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In-Box Review
148
Trojan C
Roden North American Trojan C Trainer in 1:48
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by: Richard West [ RAYPALMER ]


Originally published on:
AeroScale

History
The Trojan C was the United States Navy's carrier landing version of the North American trainer. The B, the Navy's primary version differed from the Air Force's A variant, having the much more powerful R-1820 engine as opposed to the R-1300, and a ventral air brake mounted mid-fuselage. The C variant further tailored the aircraft for Navy use by adding an abbreviated rudder to accommodate an arrestor hook and shorter propeller blades. Combined with the air brake and powerful engine of the Trojan B, these allowed the Trojan C operate from carrier decks.
Overview
Inside the corrugated box there are six plastic sprues and one for clear parts, as well as a full-size set of monochromatic instructions and a respectable decal sheet. Parts to build the Trojan B and D are included on the sprues, so there will be a spare rudder, propeller, set of wingtips, drop tanks and mg barrels.
The plastic itself is roughly gull grey, the panel lines are crisp but on the wider and deeper side. There is some very delicate flash but certainly nothing to complain about. Setting aside the tiny flash the moulding is very good. The finer parts, probes, pitots and undercarriage linkages are all sufficiently delicate looking. Detail on the landing struts is the strongest looking element. The engine is good but not great, the cylinders are quite dumbed-down and lack the overall crispness one would like to see.
Cockpit and Landing Gear
Including the tub itself there appears to be 26 parts for the cockpit. Detail on the IP's is good, but the side console is a bit less crisp. Which is unfortunate given that this area is much more visible when finished. Rudder pedals, throttle and control stick are all rendered well. The seats are respectable enough and thankfully without moulded-on belts.
The undercarriage appears to have 29 parts, including doors. Here there is very little to complain about. As out-of-the-box lading gear goes this is a very strong showing. Scissors, oleos, brakes, struts and rams are all well depicted. Only the addition of some brake lines will yield a truly good result.
Airframe and Powerplant
Canopy, flaps, rudder, ailerons, air brake, and arrestor hook are all positionable. As well as four (two on either side) vents on the cowling. Only the elevators require cutting away to be posed. All of the poseable control surfaces are moulded in two pieces. But the horizontal stabilizers are moulded whole. When one considers this it seems a bit like halving the other surfaces was simply padding the parts count. A small sin, but it's nice to have to do that much less gluing now and then.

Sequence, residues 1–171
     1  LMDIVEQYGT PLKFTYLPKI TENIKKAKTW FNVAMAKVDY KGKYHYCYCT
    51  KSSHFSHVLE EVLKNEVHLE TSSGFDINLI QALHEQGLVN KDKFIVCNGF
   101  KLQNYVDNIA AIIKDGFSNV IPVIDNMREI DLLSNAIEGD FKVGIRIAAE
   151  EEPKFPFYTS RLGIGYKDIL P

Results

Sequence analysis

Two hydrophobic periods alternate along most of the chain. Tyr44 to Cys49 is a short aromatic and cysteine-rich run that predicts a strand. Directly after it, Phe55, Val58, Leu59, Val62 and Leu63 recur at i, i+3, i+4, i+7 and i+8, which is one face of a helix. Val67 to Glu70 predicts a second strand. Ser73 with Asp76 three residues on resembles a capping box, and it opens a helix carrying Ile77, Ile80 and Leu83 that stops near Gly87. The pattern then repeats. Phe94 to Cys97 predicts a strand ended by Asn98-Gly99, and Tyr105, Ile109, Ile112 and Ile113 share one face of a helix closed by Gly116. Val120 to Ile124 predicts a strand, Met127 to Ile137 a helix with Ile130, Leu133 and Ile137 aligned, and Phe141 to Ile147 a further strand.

The engine is nine pieces, seven of which will be visible. Seperate pushrods, exhausts and fuel delivery are all moulded to make the engine more interesting. Like the cooling vanes on the cylinders they are all a bit meaty, but at least the effort was made.
The Decals
Markings for two aircraft are provided. One attached to CV-16 USS Lexington ~1971 that sports a yellow cat's mouth and eyes at the cowl, red and white livery and a sundowner style rudder. The second aircraft is from VA-122 in Lemoore California ~1977. This aircraft is far more subdued sporting gull grey on white akin to contemporaneous non-training navy aircraft. The sheet has a pleasing number of stencils, likely all that were present on these aircraft but that is difficult to know for certain. They have no printer's mark save for the word Roden.
Conclusion
Overall this kit is very good. It has only one real shortcoming in the meaty moulding of the cylinder bank of the engine. Fortunately the kit redeems itself with superb poseability, excellent landing gear and a more than presentable cockpit.

SUMMARY
Highs: Great Undercarriage, Many Positionable Parts, Pleasing Level of Surface Detail
Lows: Less than ideal engine.
Verdict: Frankly I'm looking forward to building this. It's got a weak engine but that's more than simple enough to remedy. The Cyclone 9 is hardly a difficult thing to find aftermarket. Recommended.
Percentage Rating
90%
  Scale: 1:48
  Mfg. ID: 451
  Related Link: 
  PUBLISHED: Jul 28, 2013
  NATIONALITY: United States
NETWORK-WIDE AVERAGE RATINGS
  THIS REVIEWER: 78.67%
  MAKER/PUBLISHER: 86.97%

Our Thanks to Roden!
This item was provided by them for the purpose of having it reviewed on this KitMaker Network site. If you would like your kit, book, or product reviewed, please contact us.

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About Richard West (raypalmer)
FROM: ONTARIO, CANADA

Copyright 2019 text by Richard West [ RAYPALMER ]. All rights reserved.



Comments

That disk between the cylinders is supposed to be there A better way to spend your time improving the engine is to replace the very over-scale ignition harness and push rods. Watch out for the decals; the white is not opaque enough to cover the orange without an underlay.
JUL 27, 2013 - 04:45 PM
Son of a! Did they all have that? Cyclone 9's I mean.
JUL 27, 2013 - 05:07 PM
I can't say for certain, but Google image search says that it's there more often than not. I expect that it's got something to do with the cowling design and forcing the cooling air to wrap around the cylinders properly
JUL 27, 2013 - 06:20 PM
This kit certainly has sparked my interest. Just might be my 1st ever trainer. Joel
AUG 08, 2013 - 03:56 AM
   

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